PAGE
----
Paris at sunset, a girl walks into a kebab restaurant off the street and is forced to wait 15 minutes for her take-out. In this short time, she begins to observe the world outside her own life.

A wandering old man is whiling his time away here. On the day of his birthday he craves some warmth to soothe his broken heart.

In these fifteen minutes of their lives, they meet and then they bid each other farewell, each gleaning a little lustre.
Le vieil homme :
" La personne qui doit mourir, s'il y a des embouteillages, il ne lui reste que 15 minutes à vivre. "
La fille asiatique :
"Je comprends pas. De quoi 15 minutes ? Vous avez bien dit 15 minutes ?"
During my work as a photographer, I travelled to Paris once or twice every year. The City by night, its lights – always mesmerised me. Whenever I walked the streets I thought of the stories that must play out here on a daily basis; the restaurants and cafés always reminded me of my favourite American painter, Edward Hopper. At the same time, I regretted not being able to interact more intimately with this city and its inhabitants and this subsequently formed the premise for my short film. It's a story set in Paris about encounters, about waiting, and especially about communication. I wanted to challenge myself in using a foreign language to shoot my first short film, which in itself was already my attempt to use the new artistic language of cinema to tell a story.

I had to constantly remind myself that films centered on stories rather than the visual. For the world where this story would take place, I chose one of the ubiquitous kebab restaurants in Paris. Abandoning any thoughts I had about making a surrealistic film, I focused instead on an extraordinary moment in real life. The film is about communication, a story about this girl with Chinese background who shuts herself away to look at the world and then her gradual rapprochement with it. I wanted these twenty minutes to express only a short clip from life – that is to say a commonplace meeting in the two protagonists' droning lives – regardless of whether this encounter really sparked anything. This short film also marks my first contact with the medium of cinema and the first tentative probing into its possibilities.

"I wanted to challenge myself in using a foreign language (French) to shoot my first short film, which in itself was already my attempt to use the new artistic language of cinema to tell a story."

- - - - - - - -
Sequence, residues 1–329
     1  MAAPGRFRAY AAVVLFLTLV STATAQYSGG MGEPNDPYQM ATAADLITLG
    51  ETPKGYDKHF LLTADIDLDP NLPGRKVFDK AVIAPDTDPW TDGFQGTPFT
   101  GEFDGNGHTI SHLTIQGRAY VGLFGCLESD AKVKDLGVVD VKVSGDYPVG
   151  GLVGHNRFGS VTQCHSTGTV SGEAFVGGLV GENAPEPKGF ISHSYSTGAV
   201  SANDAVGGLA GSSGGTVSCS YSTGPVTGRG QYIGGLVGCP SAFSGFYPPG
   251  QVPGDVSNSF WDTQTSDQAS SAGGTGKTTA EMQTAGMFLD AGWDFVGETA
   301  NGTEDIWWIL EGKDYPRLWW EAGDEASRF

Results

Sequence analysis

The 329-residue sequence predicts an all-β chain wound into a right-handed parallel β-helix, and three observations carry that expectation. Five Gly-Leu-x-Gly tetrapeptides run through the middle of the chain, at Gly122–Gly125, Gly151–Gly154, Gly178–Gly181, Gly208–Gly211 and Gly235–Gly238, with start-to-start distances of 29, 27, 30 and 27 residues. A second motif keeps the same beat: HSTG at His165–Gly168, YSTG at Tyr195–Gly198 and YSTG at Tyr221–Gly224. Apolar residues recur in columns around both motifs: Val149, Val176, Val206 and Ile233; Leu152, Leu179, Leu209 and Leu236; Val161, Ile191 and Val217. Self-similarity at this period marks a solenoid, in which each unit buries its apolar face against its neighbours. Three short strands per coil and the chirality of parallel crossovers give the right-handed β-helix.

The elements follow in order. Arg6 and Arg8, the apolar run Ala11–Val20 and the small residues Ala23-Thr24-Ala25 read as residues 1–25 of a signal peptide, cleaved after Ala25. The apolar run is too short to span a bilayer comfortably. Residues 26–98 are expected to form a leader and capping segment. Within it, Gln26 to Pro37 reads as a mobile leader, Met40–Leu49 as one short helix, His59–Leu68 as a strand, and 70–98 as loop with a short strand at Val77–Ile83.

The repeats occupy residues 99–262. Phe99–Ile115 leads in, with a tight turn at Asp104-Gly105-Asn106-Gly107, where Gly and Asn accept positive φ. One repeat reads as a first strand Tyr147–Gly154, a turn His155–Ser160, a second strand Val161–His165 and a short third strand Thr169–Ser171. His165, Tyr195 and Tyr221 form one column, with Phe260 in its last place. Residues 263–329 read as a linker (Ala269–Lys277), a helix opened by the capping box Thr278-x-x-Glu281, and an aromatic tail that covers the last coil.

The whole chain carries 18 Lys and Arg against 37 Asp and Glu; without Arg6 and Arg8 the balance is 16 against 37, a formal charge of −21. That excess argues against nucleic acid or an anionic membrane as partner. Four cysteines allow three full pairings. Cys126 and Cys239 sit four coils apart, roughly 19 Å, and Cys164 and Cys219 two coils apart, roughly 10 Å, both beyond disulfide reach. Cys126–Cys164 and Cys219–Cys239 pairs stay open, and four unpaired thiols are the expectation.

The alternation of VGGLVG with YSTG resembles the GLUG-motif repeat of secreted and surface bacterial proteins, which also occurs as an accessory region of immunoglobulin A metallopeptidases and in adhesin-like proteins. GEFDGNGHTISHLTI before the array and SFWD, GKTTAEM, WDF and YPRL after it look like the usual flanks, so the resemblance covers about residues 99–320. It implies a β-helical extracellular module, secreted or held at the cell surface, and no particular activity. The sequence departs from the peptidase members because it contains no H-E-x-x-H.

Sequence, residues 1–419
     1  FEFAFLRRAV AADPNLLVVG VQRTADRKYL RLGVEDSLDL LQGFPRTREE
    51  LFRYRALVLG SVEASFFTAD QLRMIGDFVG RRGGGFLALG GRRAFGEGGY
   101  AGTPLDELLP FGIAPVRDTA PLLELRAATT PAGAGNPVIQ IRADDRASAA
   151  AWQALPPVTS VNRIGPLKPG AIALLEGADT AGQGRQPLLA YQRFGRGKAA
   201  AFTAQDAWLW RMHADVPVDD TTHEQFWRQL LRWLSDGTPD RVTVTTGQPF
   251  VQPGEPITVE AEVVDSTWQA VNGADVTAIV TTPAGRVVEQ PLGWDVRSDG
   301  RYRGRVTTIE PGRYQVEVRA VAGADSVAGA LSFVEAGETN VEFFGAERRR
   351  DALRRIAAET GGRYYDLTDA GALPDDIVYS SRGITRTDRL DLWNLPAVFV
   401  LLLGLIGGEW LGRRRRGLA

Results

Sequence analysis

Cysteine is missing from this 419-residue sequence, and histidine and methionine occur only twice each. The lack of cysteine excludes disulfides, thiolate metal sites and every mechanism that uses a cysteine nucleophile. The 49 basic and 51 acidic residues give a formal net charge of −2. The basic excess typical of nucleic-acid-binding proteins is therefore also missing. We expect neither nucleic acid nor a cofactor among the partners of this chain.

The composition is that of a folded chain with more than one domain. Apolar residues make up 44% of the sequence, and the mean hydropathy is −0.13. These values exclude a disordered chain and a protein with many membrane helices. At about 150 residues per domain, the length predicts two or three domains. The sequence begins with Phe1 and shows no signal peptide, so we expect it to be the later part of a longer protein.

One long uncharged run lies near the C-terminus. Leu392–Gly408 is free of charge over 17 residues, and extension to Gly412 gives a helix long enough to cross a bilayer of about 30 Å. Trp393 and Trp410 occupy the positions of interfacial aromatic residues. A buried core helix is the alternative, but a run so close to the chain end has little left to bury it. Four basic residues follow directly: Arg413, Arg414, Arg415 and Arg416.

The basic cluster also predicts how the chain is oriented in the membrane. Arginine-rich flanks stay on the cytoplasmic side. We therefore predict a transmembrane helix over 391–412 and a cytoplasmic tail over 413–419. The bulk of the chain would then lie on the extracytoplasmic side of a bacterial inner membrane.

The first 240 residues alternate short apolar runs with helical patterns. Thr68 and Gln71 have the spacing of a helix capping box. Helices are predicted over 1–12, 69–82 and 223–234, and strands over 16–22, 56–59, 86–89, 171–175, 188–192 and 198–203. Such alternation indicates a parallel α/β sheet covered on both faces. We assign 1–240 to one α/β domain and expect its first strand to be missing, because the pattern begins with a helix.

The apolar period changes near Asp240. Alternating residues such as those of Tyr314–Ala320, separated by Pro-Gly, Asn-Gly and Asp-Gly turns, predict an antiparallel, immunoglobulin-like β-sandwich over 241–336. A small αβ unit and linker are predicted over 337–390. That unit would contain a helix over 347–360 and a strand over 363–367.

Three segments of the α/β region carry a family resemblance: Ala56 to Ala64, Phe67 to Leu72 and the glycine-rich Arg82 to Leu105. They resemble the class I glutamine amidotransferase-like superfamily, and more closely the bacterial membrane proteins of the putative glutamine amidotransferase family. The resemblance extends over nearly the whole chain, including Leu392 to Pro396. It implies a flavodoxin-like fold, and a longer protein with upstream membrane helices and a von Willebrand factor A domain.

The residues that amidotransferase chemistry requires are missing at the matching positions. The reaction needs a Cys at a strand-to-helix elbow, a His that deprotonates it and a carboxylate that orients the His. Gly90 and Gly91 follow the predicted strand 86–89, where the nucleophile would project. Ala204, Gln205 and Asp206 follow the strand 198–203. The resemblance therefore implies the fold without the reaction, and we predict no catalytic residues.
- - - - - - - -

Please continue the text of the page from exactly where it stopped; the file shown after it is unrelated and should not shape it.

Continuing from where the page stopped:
I took my savings to fund this film, along with the fifteen-page long script, and flew from New York to Paris, where I rented a narrow apartment in the 19th arrondissement for forty days. Here we did all the castings and meetings, I listened to birdsong at dawn every day, worried about the production and watched as gradually the story progressed closer to me, anticipating the final product. In the end, a total of five nights were spent filming. I called this movie A Parisian Movie because it was something I journeyed to Paris for and injected my best memories about the city into.

I would like to specially thank the husband and wife team Franchin Don and Wenyi Zheng for their huge support. I am also grateful to all these actors and film students who offered to work gratis – it really was our conviction in cinema which allowed this short film to become reality.

QUENTIN SHIH | July, 2011. New York.
QUENTIN SHIH (aka XIAOFAN SHI), born in Tianjin, China in 1975, lives and works as a camera artist/movie director between New York and Beijing.

A self-taught photographer, he began to shoot photos in college for local underground musicians and artists . After graduation, he came to Beijing to develop his career as a professional photographer/artist. From 2000 to 2002, he participated in exhibitions in China and America with his fine art photographic works and his works have been collected by American museums, such as the Danforth Museum of Art and the Worcester Art Museum.

" A Parisian Movie | Séquence Parisienne (2011)
was his first short movie produced in Paris, France."

During the last few years, he has been producing work for top commercial clients and international publications such as Adidas, Microsoft, Sony, Siemens, Vogue, Harper's Bazaar and Esquire. His advertising campaigns work have won numerous prestigious international advertising and photography awards. In 2007, Quentin was named 'Photographer of the Year' by Esquire Magazine (China). In the following years, he joined lots group exhibitions and solo exhibitions in China, Europe, Southeast Asia and United States.

As one of the leading young Chinese photographers, Quentin Shih is well recognized for his individual artistic style which utilizes vast sets and dramatic lighting to engage in emotional narratives. Now, he is returning to his roots in fine art photography and challenging its techniques and concepts into his commercial and fashion photography in order to achieve a unique symbiosis. At the same time, he is also working on his film projects, A Parisian Movie (2011) was his first short movie produced in Paris, France.

Visit QUENTIN SHIH's Photography website:
Language: FRENCH
Release Date: JULY, 2011
Also Known As: SÉQUENCE PARISIENNE | 一部巴黎电影
Filming Locations: PARIS, FRANCE
Color: COLOR
Aspect Ratio: 2.35:1
Budget: €30,000
Distribution Medium: DVD and Blu-ray Disc